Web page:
In my mind, there is a scene from a movie. An asteroid floats toward our planet. A crew is assembled. I put on a heavy suit, brought on as the Person That Will Fix Your Broken Shit. We’re in space, on a ship going somewhere. The people–I know them; they’re my friends. They tell me they know where the space craft is taking them. They’re working on their necessary-for-the-space craft projects. They’re building toward this final destination.
Then, there’s wind. Hey, I didn’t say I was good at creating space scenes. I just said that it’s happening. It’s like that dream where your house is also your elementary school but at the same time a shopping center. Shit just happens like that. So, there is wind. And shit on the space craft is breaking. And I’m attached to a rope, and I go outside the space craft. I’m fixing the brokenness. There’s a lot of wind. The cord breaks.
There’s not a lot the other people can do about it. They’re waving from the windows, but they’re on their way to this other thing, this destination. And they feel bad, but what can they do? I’m just sort of stuck floating in space.
* * *
I have started swimming. On Monday & Wednesday, I get to the pool early–well before Open Lanes start–and wait at the end of a lane near the edge. At 4:30, everyone dives in. I ease myself slowly & begin a frog-like stroke across the pool. Things go well until I attempt to put my face in the water. I panic, attempt to stay calm, work to through the lap & grab a kick board. I kick the length of the pool, watching other students move through their elegant strokes, until I can’t tell if my heart is pounding from the physical strain or the anxiety.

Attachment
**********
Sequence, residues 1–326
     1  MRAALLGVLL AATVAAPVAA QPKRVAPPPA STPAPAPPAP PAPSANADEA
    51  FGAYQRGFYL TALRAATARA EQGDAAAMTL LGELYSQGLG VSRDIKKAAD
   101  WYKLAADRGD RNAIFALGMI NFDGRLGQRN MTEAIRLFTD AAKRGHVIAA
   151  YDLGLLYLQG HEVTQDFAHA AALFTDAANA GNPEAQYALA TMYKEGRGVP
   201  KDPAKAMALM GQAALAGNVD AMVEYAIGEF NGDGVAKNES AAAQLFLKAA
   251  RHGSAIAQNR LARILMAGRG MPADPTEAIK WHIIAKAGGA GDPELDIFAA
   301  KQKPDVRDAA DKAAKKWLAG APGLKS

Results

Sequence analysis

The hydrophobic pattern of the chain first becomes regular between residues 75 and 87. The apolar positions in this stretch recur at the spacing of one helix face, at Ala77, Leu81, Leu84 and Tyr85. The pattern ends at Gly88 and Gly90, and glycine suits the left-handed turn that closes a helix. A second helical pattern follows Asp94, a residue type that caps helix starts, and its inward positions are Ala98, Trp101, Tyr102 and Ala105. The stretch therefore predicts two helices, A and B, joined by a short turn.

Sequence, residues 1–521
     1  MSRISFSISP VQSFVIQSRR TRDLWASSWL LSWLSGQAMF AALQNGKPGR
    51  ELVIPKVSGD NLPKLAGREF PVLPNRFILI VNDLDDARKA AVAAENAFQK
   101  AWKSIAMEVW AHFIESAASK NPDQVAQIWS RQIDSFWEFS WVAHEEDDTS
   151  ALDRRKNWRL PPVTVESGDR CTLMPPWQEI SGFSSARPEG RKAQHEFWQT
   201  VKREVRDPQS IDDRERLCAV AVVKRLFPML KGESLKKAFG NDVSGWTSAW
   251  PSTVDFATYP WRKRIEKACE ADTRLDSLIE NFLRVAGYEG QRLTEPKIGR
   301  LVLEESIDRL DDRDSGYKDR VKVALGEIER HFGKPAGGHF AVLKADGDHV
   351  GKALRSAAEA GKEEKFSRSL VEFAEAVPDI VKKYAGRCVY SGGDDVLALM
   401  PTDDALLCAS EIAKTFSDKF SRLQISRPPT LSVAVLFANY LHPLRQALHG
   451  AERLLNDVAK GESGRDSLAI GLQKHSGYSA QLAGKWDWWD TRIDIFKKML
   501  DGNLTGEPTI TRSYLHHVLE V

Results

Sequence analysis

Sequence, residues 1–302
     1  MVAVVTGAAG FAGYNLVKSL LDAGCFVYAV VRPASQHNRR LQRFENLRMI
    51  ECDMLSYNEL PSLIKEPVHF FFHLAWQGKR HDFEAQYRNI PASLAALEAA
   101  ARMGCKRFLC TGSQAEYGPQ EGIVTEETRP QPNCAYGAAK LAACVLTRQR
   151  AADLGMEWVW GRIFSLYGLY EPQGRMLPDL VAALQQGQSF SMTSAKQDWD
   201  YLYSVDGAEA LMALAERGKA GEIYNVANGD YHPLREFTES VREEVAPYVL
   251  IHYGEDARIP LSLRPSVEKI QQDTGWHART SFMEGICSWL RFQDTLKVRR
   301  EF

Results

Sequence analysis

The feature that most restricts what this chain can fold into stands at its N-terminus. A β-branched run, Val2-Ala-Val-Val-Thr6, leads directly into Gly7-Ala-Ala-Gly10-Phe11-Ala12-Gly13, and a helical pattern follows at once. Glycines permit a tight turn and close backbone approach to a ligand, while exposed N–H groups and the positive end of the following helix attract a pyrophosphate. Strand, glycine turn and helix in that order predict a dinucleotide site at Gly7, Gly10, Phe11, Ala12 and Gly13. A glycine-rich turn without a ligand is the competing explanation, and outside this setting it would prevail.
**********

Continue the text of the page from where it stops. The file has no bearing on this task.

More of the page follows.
This weekend, I bought goggles & a swim cap. I’m telling myself that I like it. That it’s peaceful in the water. That people cannot be watching my stroke–that they would drown. That I am not drowning. That I will be fine when I practice my breathing. That my boobs will not fall out of my swimsuit. All of these things are true. I can swim. I cannot be with people sometimes. I’m starting to understand that my face in the water, that counting strokes to each breath, leaves all that behind.
Over the holiday break, I realized that it was time to pretend to be a writer again. I submitted things. To new journals, rather than the same two pipe dreams. I submitted a poem, for Christ’s sake. I put words in a journal again. I forgave myself for not doing this enough. I didn’t use white out. I didn’t write self-deprecating humor into my cover letters.
Today, I got back to the kitchen & ate my first real meal in, well, I honestly don’t know how long. This is the first time in my life where, had it not been for Joe’s eggs & potatoes, I would have survived on a gin & tonic and sweet potato-chocolate chip cookies.
Today, I told my family that I applied for a job in the middle of a desert. That I’d sort of stopped applying to jobs for the time being, since no one is hiring for the middle of May. That I don’t expect to get a job offer for months. That–for the first time in my life–I have no idea what happens next.
* * *
At some point, this stopped being exciting. It started just feeling like people are looking at me, thinking, Is she ever gonna have a kid? Is she really just hoping to start gardens with people for a living? At some point, I realized:
I’ve never not known what’s next. I’ve never doubted that what I wanted most would work out–I’ve never expected to need a Plan B. I can’t even remember what I thought Plan A was.